Saskatchewan

Lac La Ronge Indian Band Chief sets her sights on mental health

Lac La Ronge Indian Band Chief Tammy Cook-Searson said provincial support for the La Ronge Detox Centre is welcome, but that while detox is "vital" to the community, it is only one component of healing.

Province put $300,000 to La Ronge detox centre in 2019-20 budget

The Saskatchewan government has put $300,000 toward 24/7 nursing supports at the La Ronge Detox Centre. It said this will improve the centre's ability to treat people detoxing from meth, opioids and other substances. (Facebook)

Lac La Ronge Indian Band Chief Tammy Cook-Searson said provincial support for the La Ronge Detox Centre is welcome, but that while detox is "vital" to the community, it is only one component of healing. 

The Saskatchewan government put more money toward mental health and addictions in its latest provincial budget.

A $300,000 chunk of that is going toward nursing support at a northern Saskatchewan detox centre. 

"The La Ronge Detox Centre is a vital service for people that are dealing with addictions within our communities," Cook-Searson said. 

"It'll be good to have skilled registered nurse to be on call 24/7. I'm not sure if it's 365 days a year, but it's a welcome addition." 

Cook-Searson said there are a multitude of social issues in the community and they're always trying to provide better help.

Drug and alcohol addictions are widespread. Cook-Searson said the community is also struggling with complications caused by a housing shortage. 

"When you have overcrowded housing it also gets into [tuberculosis]," she said, adding high rates of HIV, AIDS and other STIs persist.

"We have family violence. We have sexual abuse. There's the effects from the residential schools, Sixties Scoop."

She said the community is trying to rebuild families and get people back to the land.

"The land is healing, and then when you're out there doing stuff in nature there's a lot of healing that goes on — even just looking at the waves in the water," she said.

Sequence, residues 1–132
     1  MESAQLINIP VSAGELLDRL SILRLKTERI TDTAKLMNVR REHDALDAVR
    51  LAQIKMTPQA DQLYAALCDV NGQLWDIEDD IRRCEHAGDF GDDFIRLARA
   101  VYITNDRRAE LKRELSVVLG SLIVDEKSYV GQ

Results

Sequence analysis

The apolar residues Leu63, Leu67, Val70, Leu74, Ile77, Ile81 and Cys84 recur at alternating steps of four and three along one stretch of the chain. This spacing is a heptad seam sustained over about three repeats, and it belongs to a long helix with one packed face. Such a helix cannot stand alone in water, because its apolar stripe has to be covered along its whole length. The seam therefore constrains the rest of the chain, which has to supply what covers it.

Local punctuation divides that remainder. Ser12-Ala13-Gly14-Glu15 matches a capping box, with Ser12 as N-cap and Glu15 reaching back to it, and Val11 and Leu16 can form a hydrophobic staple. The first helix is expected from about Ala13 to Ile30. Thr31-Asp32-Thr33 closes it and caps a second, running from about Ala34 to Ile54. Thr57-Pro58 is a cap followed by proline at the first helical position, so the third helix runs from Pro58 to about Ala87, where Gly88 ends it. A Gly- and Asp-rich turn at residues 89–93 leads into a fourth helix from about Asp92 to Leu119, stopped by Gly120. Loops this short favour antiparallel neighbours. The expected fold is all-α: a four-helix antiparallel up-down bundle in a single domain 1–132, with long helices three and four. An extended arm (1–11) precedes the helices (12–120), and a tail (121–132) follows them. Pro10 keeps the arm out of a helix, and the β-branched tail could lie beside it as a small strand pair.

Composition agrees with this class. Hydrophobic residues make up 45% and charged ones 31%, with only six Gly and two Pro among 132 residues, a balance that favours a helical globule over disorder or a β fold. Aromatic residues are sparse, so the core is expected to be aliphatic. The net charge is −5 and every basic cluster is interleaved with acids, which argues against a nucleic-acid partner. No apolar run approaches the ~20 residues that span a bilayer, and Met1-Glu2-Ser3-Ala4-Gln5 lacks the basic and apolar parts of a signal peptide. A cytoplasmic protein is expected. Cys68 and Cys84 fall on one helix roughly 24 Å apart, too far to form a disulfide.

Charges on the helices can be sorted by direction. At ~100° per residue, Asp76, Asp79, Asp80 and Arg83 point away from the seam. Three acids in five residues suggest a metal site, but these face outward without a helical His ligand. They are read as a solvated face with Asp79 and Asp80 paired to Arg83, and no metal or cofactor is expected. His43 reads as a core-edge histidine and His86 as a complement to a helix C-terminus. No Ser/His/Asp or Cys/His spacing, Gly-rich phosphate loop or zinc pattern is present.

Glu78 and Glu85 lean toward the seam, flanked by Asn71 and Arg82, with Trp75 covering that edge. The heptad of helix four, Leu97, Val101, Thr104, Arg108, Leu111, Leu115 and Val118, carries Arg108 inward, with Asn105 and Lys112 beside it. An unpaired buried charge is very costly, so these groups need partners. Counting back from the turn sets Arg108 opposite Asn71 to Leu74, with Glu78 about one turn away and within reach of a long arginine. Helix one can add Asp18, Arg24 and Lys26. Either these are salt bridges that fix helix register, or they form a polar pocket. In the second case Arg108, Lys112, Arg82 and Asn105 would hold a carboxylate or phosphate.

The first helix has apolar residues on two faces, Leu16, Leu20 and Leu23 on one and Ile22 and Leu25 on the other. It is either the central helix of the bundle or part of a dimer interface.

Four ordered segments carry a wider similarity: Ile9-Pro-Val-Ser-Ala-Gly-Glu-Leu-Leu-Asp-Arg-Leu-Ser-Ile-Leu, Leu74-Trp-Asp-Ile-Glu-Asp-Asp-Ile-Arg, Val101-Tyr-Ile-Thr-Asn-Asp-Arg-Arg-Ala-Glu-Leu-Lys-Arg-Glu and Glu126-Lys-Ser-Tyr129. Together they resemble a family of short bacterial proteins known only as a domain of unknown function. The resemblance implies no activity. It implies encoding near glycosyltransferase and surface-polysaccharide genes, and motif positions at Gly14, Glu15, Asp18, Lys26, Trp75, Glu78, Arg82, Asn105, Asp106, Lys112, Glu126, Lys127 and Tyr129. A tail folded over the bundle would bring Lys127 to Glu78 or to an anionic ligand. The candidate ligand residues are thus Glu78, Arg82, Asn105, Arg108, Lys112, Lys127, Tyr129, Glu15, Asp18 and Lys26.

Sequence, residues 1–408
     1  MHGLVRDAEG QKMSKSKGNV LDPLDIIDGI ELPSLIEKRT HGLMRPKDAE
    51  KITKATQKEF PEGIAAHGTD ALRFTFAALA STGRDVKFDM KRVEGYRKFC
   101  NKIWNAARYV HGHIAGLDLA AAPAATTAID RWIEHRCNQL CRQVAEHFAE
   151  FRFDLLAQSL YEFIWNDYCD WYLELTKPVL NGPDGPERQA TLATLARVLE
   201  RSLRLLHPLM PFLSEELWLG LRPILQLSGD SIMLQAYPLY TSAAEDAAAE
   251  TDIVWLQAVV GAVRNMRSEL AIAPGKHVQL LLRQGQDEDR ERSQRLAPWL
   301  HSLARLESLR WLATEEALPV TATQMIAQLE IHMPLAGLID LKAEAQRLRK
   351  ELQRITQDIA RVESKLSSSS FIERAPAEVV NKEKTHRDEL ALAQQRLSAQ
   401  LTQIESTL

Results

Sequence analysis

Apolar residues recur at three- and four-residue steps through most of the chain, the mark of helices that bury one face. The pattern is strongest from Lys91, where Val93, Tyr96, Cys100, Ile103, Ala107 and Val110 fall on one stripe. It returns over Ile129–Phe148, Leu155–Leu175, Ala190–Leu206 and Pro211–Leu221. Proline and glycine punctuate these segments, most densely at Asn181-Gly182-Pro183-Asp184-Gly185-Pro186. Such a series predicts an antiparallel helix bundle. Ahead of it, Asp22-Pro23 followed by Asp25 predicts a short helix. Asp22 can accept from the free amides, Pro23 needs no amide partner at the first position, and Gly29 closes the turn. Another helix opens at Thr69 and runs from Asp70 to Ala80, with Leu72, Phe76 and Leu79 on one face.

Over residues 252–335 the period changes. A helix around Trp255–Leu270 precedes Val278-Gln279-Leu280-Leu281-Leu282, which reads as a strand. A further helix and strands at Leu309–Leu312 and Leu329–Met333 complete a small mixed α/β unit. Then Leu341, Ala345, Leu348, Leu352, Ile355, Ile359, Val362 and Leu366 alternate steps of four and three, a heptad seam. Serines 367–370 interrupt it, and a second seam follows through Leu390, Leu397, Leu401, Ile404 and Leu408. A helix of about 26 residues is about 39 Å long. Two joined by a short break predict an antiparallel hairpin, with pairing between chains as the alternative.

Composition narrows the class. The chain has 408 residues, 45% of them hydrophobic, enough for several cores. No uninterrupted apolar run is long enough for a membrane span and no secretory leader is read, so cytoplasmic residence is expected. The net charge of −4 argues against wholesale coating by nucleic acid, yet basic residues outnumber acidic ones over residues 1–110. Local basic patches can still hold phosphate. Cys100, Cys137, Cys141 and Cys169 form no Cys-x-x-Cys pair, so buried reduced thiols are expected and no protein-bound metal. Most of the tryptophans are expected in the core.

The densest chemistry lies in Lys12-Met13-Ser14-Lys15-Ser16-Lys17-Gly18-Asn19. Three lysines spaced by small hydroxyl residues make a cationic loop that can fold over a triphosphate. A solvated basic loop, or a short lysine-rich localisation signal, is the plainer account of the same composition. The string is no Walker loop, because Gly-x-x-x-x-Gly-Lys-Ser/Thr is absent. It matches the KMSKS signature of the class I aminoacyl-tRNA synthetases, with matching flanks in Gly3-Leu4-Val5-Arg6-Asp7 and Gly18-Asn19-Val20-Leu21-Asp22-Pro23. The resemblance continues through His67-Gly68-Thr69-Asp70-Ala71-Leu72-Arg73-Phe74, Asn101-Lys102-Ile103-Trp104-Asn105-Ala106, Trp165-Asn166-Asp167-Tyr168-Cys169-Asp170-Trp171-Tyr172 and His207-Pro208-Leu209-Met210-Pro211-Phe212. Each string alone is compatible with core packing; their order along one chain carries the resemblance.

Lac La Ronge Chief Tammy Cook-Searson said the north's front line workers 'are doing what they can but there's always more work to be done.' (Olivia Stefanovich/CBC)

She said they're working against the stigma that exists around mental health while encouraging hope among community members. 

"We continue to have high rates of suicide and, you know, that continues to concern us."

Building a mental health hub

Cook-Searson said the detox centre is only one component of tackling addictions. 

She's looking forward to the construction of a Lac La Ronge Wellness, Healing and Recovery Centre. The federal government is contributing $11.6 million to the mental health hub, while the province has put in $2.5 million and the band $2 million.  

She said it will offer western medicine while also embracing traditional and spiritual beliefs. There will be an emphasis on the Woodland Cree Culture.

The goal is to create a safe space where people can heal in their community. Cook-Searson said the centre can also serve the north, especially people who live in remote communities that lack services. 

Suicide Prevention

Saskatchewan's government is also directing $250,000 in 2019-20 to expand the a suicide prevention program to Buffalo Narrows.

The Roots of Hope Suicide Prevention Initiative is a program through the Mental Health Commission of Canada. The province has not yet hired a co-ordinator for Buffalo Narrows, but said the program already exists in Meadow Lake and La Ronge.

Cathy Wheaton became the project co-ordinator for La Ronge in March 2018. She said the program embraces five pillars : specialized supports, training, public awareness, means restriction and research. Wheaton said suicide is complicated and there's never one reason for it, so it requires a multi-faceted approach. 

She said the co-ordinators direct their programming to each community's needs. In the La Ronge area it's children and youth who are most at risk. 

Wheaton runs Applied Suicide Intervention Skills Training (ASIST) courses — also known as suicide first aid. 

"That is a system where if somebody is identified as being potentially suicidal you actually know how to intervene in order to connect them to safety," she said.

"What happens is we have more people in the community who are knowledgeable about what's going on, how to respond, what to do."

The Roots of Hope Program also tries to tackle stigma.

"Saying okay, how can we break the stigma down and get people open and feeling like they can actually talk about this topic, because it's such a sensitive and important issue." 


Mental health resources are available through the region's Healthline at 811.

The Canadian Association of Suicide Prevention says that if you're worried someone you know may be at risk of suicide, you should talk to them.

Here are some of the warning signs: 

  • Suicidal thoughts
  • Substance abuse
  • Purposelessness
  • Anxiety
  • Feeling trapped
  • Hopelessness and helplessness
  • Withdrawal
  • Anger
  • Recklessness
  • Mood changes